Back then I was working for a known Belgian insurance company. I received a diskette with a program to evaluate whether it could be useful for the company. It presented a questionnaire which was to determine if you belonged to the risk group of contracting HIV / AIDS. So I started using the diskette on my work computer.
Strange things started to happen
The next day the problems started to appear. I started my PC and found that it didn't do anything. All I got was a message on my screen which stated that I had to send money to a PO Box in Panama. This message was also printed out on my matrix printer. I restarted the PC several times, because just as today, rebooting often fixes things. Still, the same message kept being displayed. So a reboot obviously didn't work this time. I thought that there had to be a bug in the program. I decided to start from a system diskette and saw that the path was changed and directories were encrypted. The program modified files on the victim's hard-drive and when the machine had been rebooted a couple of times, the malware locked the computer. It then presented a message requesting payment for "leasing" the software: you could even read this in the EULA. But seriously, who reads those? So apart from fixing things by rebooting, not reading EULAs was something people already did some 30 years ago. The good news was that I was able to bypass the problem after analyzing what was happened. You could restore everything fairly easy if you did know the extension and filename encryption tables.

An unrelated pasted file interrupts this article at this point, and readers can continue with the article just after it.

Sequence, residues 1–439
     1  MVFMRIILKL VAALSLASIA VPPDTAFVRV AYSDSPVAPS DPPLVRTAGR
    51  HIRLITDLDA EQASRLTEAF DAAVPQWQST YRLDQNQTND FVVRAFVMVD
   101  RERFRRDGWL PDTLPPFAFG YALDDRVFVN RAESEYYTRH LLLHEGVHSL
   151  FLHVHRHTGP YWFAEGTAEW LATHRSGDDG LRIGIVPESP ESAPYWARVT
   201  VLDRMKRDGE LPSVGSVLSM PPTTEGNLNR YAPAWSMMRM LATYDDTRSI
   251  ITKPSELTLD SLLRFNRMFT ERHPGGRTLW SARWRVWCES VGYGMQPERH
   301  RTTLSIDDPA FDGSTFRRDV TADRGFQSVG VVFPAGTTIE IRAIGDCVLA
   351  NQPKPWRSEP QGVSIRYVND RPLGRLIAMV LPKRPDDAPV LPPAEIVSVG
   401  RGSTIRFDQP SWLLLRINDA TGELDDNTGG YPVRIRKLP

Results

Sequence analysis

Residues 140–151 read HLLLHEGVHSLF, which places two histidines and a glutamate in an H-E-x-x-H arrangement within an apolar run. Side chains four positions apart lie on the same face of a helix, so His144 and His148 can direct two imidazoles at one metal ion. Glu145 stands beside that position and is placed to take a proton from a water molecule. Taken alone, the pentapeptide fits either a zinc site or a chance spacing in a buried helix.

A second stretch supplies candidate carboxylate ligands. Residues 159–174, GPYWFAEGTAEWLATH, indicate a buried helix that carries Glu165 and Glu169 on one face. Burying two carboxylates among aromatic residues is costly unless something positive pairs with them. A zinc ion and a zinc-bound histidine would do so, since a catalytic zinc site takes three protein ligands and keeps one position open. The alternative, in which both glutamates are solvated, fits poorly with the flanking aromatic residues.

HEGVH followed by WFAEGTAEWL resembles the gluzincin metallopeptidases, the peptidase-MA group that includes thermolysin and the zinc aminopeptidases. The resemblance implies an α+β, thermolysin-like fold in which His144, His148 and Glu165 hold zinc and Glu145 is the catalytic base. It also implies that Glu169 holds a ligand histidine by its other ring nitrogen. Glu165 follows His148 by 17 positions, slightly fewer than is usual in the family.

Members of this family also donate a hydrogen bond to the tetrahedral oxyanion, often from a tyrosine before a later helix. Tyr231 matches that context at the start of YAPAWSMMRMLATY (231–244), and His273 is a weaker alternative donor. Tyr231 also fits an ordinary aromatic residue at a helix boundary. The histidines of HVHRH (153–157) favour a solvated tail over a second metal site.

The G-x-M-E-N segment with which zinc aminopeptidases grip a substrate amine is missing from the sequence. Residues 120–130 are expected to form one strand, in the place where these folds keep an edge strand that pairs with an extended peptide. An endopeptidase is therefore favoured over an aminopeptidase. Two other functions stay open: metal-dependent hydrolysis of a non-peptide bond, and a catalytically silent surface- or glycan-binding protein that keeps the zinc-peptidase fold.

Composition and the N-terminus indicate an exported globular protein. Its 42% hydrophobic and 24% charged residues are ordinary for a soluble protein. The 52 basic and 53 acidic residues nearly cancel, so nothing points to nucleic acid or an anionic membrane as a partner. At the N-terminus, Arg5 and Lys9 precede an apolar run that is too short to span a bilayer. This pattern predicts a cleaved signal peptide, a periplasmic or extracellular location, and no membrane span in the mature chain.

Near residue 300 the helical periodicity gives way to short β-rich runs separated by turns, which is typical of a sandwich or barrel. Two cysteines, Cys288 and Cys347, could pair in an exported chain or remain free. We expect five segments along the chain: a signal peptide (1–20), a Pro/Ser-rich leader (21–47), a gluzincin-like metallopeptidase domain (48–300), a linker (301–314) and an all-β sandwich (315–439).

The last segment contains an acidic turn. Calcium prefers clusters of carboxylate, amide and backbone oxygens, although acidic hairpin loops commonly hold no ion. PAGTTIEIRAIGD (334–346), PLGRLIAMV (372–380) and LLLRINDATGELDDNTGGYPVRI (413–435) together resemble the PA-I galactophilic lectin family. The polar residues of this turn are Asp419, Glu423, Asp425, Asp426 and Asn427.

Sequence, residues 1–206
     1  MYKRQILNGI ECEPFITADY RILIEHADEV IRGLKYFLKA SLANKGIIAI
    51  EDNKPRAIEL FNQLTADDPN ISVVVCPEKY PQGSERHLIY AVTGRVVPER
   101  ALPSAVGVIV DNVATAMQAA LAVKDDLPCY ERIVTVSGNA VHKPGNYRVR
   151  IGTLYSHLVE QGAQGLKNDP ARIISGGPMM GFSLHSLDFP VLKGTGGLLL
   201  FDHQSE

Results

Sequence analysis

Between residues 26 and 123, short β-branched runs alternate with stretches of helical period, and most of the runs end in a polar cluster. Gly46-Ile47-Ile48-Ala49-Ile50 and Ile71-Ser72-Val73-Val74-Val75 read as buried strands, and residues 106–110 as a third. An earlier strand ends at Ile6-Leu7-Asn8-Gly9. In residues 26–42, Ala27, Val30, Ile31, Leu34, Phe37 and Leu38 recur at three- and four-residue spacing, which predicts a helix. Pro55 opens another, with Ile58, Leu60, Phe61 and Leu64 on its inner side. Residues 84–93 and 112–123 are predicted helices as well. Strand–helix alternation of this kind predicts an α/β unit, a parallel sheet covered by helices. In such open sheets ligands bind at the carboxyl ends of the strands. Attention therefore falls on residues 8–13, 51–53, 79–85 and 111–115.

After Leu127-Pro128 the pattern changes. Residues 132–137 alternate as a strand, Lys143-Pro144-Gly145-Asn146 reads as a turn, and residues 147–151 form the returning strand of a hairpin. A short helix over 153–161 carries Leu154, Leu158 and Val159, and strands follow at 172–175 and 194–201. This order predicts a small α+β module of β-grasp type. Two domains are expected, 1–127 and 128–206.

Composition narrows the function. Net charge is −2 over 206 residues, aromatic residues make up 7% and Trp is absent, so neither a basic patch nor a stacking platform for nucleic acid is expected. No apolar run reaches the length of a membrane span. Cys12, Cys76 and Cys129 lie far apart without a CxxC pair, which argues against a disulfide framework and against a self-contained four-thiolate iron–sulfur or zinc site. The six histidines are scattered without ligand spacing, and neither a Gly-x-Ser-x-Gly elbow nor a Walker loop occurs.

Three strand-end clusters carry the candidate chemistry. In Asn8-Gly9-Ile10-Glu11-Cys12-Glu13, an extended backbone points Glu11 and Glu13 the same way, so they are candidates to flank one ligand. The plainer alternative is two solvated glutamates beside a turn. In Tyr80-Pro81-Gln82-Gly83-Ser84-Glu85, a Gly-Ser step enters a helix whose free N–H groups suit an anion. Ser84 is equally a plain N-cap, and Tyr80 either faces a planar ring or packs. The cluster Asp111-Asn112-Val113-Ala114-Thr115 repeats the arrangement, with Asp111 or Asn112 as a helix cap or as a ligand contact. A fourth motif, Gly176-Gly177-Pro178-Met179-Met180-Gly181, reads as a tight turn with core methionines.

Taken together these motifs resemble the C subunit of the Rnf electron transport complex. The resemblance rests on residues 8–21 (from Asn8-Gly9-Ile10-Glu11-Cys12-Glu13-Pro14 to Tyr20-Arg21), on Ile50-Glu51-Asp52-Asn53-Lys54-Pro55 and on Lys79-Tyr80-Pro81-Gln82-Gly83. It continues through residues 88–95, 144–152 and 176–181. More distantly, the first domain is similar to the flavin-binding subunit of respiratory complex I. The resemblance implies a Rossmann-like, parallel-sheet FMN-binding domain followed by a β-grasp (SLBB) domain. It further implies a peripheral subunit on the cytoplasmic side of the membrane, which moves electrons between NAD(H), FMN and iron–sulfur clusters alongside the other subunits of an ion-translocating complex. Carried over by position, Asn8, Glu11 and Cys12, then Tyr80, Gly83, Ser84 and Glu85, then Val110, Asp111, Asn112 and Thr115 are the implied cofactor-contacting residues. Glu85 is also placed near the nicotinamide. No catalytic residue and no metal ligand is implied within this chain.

Making the news
When I was watching the television news headlines in the evening it seems I wasn’t the only one who received the diskette: the disk was send to subscribers of PC Business World magazine. Over 10.000 diskettes were distributed over the world and several companies were losing a lot of money as backups seems to be more or less non-existent those days. The disk was called the AIDS information diskette.
The thing that started it all
At the time, I didn’t realize that the AIDS diskette was the first ransomware. I also underestimated the impact it would have on my personal life and later career. However, I decided to keep the diskette as a reminder and the cornerstone of a nice anecdote. I held on to it for all those years and kept it well protected. Years ago I even put it up on the wall of my living room.
"Who done it?"
Investigators later identified Dr. Joseph Popp, a Harvard trained biologist, as being behind the AIDS campaign. Unfortunately Dr. Popp gave cybercriminals a lot of bad ideas. Fortunately, though, we had to wait until 2005 and 2006 to see the next examples or ransomware such as GpCode or Krotten, Reveton (Police Trojan) in 2012 and Cryptolocker in 2013, followed by a whole slew of new ransomware in the recent months.